Tenants in the City of Los Angeles who experience COVID-19 financial stress will continue to be protected from eviction by the City's existing tenant pandemic ordinance. The City's ordinance offers overall greater protection for tenants than the State's new law (AB 3088 - The Tenant Relief Act of 2020) or the Centers for Disease Control and Prevention's (CDC) new order, although the State's new law provides some additional benefit that tenants should consider. Here are a few facts that help answer some key questions facing LA tenants and landlords.
- Must I pay September's rent to avoid being evicted? You should pay rent if you are able. However, if you are experiencing COVID-19 financial stress and cannot pay rent, the City's ordinance still allows you to defer paying rent during the time of the City's declaration of emergency. It is not known when the City will lift the declaration of emergency.
- If I defer September's rent, will I ever have to pay it? Yes. The City's ordinance, the State's new law, and the CDC's order do not cancel rent. Under the City's ordinance, to avoid eviction, you will have to pay rent that you defer during the emergency by no later than March 1, 2022. However, you will have to pay the deferred rent earlier than that date if the City lifts the emergency before March 1, 2021. For example, if the City lifts the emergency February 1, 2021, you will have to pay the deferred rent within 12 months, which would be February 1, 2022. If you do not pay the deferred rent by the deadline, your landlord may seek to evict you. Although your landlord cannot evict you if you pay the deferred rent within the deadline, the landlord can still go to court before the deadline and seek a judgment against you for the amount of rent owed. If the landlord wants to use the Small Claims Court, the earliest the landlord can file a claim is March 1, 2021. The landlord can file a case in Superior Court at any time. A landlord may be able to use a judgment against you for wage garnishment or other means of debt collection. But a judgment saying you owe rent is not sufficient to evict you.
- If I defer rent for September through January, must I follow the State's new law and pay 25% before January 31, 2021, in order to avoid being evicted? No. The City's ordinance does not require that you pay 25% of rent in order to be protected from eviction. However, if you pay the 25% (for rent owed September through January) by January 31, 2021, you do get an additional benefit under the State's new law-the landlord can never evict you for failing to pay the balance. You would still be responsible to pay all the rent due, and the landlord can sue you in court and obtain a judgment for the balance owed. If you want to pay the 25% and get the added benefit under the State's new law, you must give your landlord a declaration stating your inability to pay rent due to Covid-19 financial stress. That declaration will also protect you from eviction for non-payment of rent due between March 1, 2020, and August 31, 2020.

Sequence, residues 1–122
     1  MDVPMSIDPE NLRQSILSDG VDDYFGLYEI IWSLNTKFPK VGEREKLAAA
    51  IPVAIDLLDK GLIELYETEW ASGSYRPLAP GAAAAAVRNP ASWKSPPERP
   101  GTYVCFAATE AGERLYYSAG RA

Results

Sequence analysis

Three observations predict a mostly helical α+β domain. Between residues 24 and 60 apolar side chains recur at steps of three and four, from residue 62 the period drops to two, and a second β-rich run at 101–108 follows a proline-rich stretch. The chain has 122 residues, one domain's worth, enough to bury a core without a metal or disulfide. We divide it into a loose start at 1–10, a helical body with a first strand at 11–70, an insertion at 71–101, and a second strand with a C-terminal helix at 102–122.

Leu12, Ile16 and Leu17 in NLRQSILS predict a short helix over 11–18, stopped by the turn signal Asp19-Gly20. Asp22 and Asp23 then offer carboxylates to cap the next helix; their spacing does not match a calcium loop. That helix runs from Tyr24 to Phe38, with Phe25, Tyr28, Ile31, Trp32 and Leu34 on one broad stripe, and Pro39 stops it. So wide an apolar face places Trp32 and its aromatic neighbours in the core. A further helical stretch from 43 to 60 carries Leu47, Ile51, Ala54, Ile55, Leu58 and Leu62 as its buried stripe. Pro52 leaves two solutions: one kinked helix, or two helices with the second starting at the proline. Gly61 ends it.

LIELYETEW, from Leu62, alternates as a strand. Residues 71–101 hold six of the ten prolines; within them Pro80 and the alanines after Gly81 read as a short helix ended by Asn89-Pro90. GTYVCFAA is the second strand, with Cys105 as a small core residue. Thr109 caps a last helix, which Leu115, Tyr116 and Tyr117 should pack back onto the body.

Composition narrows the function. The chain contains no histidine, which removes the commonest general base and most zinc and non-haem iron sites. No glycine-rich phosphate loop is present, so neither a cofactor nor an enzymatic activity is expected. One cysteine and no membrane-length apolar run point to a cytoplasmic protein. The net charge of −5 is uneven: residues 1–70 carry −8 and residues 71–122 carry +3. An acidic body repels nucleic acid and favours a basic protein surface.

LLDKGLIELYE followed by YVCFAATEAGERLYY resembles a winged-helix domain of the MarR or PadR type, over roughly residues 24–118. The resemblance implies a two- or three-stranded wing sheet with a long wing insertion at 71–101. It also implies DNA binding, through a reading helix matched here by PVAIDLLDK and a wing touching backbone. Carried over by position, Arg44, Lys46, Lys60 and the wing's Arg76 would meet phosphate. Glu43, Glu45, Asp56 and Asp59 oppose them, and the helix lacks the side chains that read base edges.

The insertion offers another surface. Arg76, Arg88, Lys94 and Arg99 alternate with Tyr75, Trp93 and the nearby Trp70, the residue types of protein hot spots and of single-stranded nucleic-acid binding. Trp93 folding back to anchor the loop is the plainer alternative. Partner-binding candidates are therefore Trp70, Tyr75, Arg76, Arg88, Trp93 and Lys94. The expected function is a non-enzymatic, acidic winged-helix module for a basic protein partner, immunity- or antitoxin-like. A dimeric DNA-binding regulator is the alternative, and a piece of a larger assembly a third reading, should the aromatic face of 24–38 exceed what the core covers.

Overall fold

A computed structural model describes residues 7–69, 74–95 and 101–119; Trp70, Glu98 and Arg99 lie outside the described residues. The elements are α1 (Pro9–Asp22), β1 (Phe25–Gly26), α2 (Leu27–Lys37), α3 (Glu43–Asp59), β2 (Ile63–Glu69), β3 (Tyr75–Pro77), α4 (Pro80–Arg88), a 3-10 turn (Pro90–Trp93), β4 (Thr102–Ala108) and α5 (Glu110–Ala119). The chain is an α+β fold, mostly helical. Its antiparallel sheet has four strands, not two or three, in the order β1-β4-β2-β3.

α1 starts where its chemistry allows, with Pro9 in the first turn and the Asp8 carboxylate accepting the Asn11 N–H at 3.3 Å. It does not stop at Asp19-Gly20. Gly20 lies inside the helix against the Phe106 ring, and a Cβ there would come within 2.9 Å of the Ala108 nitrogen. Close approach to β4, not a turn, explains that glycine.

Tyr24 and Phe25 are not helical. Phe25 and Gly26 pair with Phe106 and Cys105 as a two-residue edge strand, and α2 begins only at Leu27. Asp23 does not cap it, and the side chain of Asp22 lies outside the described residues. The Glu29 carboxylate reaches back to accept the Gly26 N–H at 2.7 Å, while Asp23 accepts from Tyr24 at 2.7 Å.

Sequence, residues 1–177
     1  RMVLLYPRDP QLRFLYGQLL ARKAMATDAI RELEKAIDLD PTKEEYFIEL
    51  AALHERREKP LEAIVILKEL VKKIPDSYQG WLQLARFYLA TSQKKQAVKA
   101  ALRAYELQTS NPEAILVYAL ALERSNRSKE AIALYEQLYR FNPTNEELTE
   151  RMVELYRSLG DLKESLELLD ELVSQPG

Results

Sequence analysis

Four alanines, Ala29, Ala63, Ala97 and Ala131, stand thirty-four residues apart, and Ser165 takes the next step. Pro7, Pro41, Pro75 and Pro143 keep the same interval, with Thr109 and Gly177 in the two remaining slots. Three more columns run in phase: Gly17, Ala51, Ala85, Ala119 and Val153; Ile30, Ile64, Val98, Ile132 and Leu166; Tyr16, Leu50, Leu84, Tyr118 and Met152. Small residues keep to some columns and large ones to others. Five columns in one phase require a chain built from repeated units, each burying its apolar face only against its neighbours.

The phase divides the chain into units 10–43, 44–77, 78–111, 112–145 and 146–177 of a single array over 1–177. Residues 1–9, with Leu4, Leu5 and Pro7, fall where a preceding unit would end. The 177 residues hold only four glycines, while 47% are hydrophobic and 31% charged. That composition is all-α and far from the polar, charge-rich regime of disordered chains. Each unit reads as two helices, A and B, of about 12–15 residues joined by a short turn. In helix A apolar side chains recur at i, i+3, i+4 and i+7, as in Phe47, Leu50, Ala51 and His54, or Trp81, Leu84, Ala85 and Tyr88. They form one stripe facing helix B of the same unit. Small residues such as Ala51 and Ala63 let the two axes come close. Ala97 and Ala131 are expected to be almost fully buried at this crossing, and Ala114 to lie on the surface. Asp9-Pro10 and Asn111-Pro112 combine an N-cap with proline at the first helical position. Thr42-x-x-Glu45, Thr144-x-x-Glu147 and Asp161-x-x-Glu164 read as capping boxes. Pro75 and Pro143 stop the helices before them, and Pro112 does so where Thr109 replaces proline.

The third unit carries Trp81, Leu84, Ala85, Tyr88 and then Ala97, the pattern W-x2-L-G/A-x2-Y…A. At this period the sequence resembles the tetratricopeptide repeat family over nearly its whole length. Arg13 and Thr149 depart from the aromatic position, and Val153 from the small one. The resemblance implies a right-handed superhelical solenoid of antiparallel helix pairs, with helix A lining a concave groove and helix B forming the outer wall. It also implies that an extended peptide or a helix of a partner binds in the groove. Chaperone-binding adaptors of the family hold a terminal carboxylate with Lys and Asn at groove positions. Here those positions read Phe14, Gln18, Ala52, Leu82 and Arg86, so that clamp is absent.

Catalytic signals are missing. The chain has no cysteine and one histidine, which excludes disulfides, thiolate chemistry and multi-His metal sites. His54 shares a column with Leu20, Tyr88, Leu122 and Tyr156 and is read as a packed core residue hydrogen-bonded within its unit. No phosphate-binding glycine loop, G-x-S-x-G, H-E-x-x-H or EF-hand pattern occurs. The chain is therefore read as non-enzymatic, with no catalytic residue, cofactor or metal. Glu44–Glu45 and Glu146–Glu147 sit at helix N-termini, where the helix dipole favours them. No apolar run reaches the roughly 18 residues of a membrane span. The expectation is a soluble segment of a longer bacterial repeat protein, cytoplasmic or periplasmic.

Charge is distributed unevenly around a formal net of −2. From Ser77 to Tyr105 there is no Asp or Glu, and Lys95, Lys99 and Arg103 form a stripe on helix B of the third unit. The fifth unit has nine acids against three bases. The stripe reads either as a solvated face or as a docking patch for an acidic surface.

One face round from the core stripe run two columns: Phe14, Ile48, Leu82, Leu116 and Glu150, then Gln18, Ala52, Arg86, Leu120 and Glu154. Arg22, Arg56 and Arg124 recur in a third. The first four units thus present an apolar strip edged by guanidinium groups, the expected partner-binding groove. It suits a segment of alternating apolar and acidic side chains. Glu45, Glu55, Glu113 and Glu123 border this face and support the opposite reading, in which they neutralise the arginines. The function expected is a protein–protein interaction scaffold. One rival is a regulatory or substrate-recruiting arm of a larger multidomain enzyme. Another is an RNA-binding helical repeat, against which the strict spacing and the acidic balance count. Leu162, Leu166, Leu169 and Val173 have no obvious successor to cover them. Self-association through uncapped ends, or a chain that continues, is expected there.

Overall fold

- Must my landlord have "just cause" to evict me? Yes. Until February 1, 2021, the State's new law requires landlords have “just cause" to evict a tenant. The City's existing law also requires “just cause" to evict a tenant, and the City's requirement extends throughout the duration of the emergency. Examples of just cause include tenants failing to pay rent for non COVID-19 reasons, engaging in criminal activity at the apartment, using the apartment for unlawful purposes, and causing substantial damage to the apartment.
- Am I still protected from eviction if I have an extra occupant in my apartment, or a pet, or my landlord claims I'm causing a nuisance but the cause is related to COVID-19? Yes. The City's ordinance still protects you from eviction for those reasons during the emergency.
- I read that the Judicial Council's moratorium on evictions ended September 1st but that the State's new law extended it. True, the moratorium on eviction for failing to pay rent has been extended by the State's new law to October 5, 2020 (only for residential tenants). But under the City's ordinance, the landlord is prohibited from evicting a tenant for failing to pay rent for COVID-19 reasons during the entire duration of the emergency. The City's ordinance also protects against eviction during the emergency for no-fault reasons, the presence of additional occupants and pets, and nuisance caused by COVID-19.
- Can my landlord serve me with a three day notice to pay or leave my apartment? Under the City's ordinance, the landlord is prohibited from serving you with a three day notice to pay or leave your apartment if your inability to pay is based on COVID-19 impacts to you and your household. If the landlord serves you with any notice indicating an attempt to evict you, the landlord must include written information explaining your rights prepared by the City's Housing Department. And any three day notice to pay or leave also requires written information about added protections provided under the State's new law.
- I read that the Centers for Disease Control and Prevention (CDC) just ordered a countrywide eviction moratorium through the end of this year. True, but the CDC's order covers fewer types of evictions than the City's ordinance or the State's new law. The CDC's order only prohibits evictions for failure to pay rent through December 31, 2020, and the entire amount of the rent deferred is due immediately afterwards. Also, the CDC's order limits protections to tenants who earn $99,000 or less ($198,000 if filing jointly), and requires tenants to sign a declaration under oath that an eviction would force them into homelessness or having to move into congregate, shared, or close quarter living accommodations.
- What should I do if I have questions about my situation? To get answers to your particular situation, please consult with one of the region's housing advocacy or legal aid organizations.